It’s clear that this changing climate will have an effect on the icebreaking industry. Yet in the harsh and increasingly competitive environment of the High North, Finnish nautical expertise – with its icebreaking heritage – looks well placed to tackle the challenges ahead.
Monocle meets Koji Sekimizu, the man responsible for maritime safety and security in the Arctic. It’s a huge task but thanks to his Polar Code, Sekimizu is confident he can deliver.
Koji Sekimizu is tasked with bringing order to the development of the Arctic high seas. As secretary-general of the International Maritime Organisation (imo), the UN organisation concerned with the safety of shipping and cleaner oceans, he is the driving force behind a new draft Polar Code that will regulate the activities of oil and mining-industry ships as they rush to extend their operations into the Arctic.
With 36 years of working on maritime issues at the Japanese Ministry of Transport and the imo, starting as a ship inspector in 1977, Sekimizu brings considerable experience to his role. We meet him in his London offices overlooking the Thames on his return from a week aboard the Russian state nuclear icebreaker, the 50 Let Pobedy.
M: How was your trip? What is it like to be on an Arctic icebreaker on the Northern Sea Route [NSR]?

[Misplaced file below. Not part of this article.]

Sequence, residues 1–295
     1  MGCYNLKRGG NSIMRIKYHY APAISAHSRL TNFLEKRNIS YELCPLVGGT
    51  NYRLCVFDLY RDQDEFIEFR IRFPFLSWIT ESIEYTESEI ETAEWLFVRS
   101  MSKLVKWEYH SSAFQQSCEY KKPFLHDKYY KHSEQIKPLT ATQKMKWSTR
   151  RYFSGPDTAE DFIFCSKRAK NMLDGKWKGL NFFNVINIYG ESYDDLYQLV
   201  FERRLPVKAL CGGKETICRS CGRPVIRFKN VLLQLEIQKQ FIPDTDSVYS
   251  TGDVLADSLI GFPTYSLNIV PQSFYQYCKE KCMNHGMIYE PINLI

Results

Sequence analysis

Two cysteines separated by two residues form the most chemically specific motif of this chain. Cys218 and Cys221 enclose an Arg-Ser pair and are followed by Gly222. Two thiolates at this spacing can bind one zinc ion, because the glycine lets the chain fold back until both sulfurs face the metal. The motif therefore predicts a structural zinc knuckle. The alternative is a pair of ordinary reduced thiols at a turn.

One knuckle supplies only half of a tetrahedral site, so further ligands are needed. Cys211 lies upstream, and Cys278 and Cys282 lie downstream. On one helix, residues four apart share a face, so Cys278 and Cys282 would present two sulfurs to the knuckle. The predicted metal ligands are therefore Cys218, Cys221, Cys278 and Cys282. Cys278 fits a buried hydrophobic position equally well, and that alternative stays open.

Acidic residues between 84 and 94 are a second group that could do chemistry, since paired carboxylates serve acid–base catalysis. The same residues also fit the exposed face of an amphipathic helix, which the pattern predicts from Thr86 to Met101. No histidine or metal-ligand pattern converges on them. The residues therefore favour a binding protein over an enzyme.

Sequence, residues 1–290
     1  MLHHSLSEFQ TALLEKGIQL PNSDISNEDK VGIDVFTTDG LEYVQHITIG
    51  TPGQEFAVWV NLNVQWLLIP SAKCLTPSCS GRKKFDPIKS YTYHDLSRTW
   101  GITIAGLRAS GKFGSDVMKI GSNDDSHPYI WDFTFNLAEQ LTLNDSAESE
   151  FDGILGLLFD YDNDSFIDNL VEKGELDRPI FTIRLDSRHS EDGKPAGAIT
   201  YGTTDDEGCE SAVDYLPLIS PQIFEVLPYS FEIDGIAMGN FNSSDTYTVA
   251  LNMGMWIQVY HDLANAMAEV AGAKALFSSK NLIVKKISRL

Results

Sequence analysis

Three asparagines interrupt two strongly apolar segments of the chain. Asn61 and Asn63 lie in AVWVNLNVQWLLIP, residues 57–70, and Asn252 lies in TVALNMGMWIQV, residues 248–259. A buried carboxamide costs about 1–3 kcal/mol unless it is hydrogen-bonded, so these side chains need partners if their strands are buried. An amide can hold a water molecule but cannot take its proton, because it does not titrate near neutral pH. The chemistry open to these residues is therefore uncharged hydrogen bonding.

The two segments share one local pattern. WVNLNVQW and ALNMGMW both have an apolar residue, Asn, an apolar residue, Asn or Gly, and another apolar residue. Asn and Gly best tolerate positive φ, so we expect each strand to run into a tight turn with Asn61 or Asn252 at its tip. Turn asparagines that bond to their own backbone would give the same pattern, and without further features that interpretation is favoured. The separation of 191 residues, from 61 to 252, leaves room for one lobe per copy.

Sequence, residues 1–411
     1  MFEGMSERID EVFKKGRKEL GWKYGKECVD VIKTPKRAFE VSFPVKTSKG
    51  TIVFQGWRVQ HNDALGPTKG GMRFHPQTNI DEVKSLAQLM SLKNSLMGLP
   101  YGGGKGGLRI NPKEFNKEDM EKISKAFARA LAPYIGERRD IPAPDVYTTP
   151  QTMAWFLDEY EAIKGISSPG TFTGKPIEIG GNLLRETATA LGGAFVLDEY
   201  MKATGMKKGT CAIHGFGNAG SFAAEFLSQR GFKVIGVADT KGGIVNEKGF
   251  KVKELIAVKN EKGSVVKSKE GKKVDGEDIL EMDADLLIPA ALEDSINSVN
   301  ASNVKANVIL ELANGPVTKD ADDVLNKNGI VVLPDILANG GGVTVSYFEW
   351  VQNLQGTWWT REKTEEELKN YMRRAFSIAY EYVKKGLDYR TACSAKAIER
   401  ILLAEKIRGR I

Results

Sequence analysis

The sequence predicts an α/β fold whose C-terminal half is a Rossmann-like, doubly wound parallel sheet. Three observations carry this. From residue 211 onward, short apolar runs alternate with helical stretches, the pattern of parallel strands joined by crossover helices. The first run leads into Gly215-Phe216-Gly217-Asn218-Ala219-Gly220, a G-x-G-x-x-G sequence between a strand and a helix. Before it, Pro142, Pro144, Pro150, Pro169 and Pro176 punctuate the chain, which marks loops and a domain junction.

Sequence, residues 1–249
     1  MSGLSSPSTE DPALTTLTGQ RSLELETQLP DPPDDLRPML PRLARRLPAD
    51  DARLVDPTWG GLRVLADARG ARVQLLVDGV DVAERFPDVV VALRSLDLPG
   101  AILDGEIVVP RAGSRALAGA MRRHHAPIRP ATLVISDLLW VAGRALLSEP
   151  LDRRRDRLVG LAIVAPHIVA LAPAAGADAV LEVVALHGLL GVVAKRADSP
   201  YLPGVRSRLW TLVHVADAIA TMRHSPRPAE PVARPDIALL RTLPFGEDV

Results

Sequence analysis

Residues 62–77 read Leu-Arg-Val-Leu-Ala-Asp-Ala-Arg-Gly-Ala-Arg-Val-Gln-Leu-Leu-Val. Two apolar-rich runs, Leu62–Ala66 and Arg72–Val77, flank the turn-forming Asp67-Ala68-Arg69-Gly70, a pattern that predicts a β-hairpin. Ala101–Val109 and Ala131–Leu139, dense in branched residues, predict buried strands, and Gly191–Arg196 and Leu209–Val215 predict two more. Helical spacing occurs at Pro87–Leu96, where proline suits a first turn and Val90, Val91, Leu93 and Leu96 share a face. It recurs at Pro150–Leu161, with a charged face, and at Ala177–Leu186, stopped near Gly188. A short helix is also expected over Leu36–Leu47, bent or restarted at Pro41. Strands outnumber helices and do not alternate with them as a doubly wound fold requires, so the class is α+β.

KS: There was a lot of sound, noise and vibration continuously. When our vessel encountered a huge mass of ice even an icebreaker as powerful as ours was forced to change course. It was really dynamic. We met the convoy of another icebreaker leading an lng [gas] tanker and they were struggling to get through. Our icebreaker had to help them out.
M: What is the traffic like up there?
KS: This year I was informed there have been more than 400 requests made and Russian authorities have already endorsed more than 350 passages. This has been a dramatic increase over the past four to five years [there were 46 passages in 2012 and only 10 in 2010] and they are expecting more dramatic increases in the coming years.
M: Do you foresee an increase in trade because of this?
KS: That belongs to the future. But the fact is the ice is melting and I’m sure that route will attract interest from shipping – particularly the industry carrying oil and gas from Russia or Norway to Asian countries. The total length of passage is around 6,000 [nautical] miles if you go through nsr; if you choose the Suez Canal route the total length would be doubled to 12,000 miles. If you go round the African continent it’s tripled.
M: How can you ensure that the Russian Arctic infrastructure is capable of supporting an increase in traffic?